WASHINGTON -- The White House won't say if President Barack Obama is still insisting on a government health insurance option as part of a health reform plan.
Political adviser David Axelrod says Obama isn't "walking away" from the public option. But he wouldn't say whether Obama would veto a bill that came to him without the option.
Axelrod told the Associated Press that Obama "believes it should be in the plan, and he expects it to be in the plan."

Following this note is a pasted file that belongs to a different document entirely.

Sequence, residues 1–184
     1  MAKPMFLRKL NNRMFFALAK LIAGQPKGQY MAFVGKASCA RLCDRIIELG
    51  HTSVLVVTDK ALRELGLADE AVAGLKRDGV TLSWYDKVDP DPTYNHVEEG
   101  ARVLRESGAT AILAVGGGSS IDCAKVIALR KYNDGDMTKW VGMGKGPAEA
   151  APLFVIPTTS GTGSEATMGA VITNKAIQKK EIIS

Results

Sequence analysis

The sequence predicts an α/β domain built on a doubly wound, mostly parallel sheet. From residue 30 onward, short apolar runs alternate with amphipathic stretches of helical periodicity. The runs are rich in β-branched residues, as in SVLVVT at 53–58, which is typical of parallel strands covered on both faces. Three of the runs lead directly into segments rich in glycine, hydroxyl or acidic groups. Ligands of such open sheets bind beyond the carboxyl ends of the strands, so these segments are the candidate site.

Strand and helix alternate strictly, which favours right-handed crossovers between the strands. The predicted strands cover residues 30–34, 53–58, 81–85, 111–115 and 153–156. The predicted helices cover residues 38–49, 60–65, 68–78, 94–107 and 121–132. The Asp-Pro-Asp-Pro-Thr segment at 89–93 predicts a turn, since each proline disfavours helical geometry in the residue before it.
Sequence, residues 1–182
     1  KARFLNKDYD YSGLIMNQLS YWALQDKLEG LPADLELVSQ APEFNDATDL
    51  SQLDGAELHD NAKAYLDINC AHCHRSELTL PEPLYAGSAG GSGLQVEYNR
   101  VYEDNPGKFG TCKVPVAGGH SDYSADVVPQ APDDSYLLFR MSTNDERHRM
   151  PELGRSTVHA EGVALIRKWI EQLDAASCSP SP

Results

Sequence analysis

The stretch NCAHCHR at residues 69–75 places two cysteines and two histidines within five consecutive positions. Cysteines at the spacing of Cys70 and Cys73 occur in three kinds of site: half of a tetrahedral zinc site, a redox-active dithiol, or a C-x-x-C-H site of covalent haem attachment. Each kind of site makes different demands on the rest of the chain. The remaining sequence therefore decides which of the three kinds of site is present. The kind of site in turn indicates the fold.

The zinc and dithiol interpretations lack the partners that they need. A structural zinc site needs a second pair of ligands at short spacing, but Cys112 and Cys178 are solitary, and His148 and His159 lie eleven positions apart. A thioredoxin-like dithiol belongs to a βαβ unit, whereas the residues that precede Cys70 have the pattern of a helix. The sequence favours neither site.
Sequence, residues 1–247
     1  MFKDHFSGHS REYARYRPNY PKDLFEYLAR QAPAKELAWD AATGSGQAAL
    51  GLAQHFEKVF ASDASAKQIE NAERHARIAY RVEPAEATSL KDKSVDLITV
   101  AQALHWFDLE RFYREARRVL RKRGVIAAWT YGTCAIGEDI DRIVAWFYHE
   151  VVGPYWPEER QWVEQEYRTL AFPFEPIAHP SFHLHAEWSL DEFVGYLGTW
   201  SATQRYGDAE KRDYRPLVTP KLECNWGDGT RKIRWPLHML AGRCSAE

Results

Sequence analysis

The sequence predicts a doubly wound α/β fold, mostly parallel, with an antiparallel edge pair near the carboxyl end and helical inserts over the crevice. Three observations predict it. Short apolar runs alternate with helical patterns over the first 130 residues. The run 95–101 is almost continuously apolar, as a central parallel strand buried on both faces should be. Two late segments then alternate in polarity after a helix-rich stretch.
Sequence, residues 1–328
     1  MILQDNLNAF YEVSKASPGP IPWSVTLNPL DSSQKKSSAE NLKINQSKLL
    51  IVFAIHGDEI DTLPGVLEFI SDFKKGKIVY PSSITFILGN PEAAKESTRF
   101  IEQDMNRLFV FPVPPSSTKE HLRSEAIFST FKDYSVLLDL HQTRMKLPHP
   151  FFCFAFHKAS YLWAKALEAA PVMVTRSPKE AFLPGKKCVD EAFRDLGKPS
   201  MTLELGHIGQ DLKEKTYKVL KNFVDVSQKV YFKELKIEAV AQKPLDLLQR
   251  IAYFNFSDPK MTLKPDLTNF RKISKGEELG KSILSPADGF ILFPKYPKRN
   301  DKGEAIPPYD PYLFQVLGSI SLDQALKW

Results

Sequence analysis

Obama is preparing for a Wednesday night speech to Congress, in an effort to salvage the health care reform effort.
His liberal supporters consider the public option a must-have, while Republicans say it's unacceptable. It's doubtful that the provision can pass the Senate.
Supporters of the public option say it would give workers and their families the secure benefits that older people now get through Medicare, while leaving medical decisions to doctors and patients.
Insurers, though, say they couldn't compete against the price-setting power of government. And employer groups say it would undermine the system of job-based coverage.
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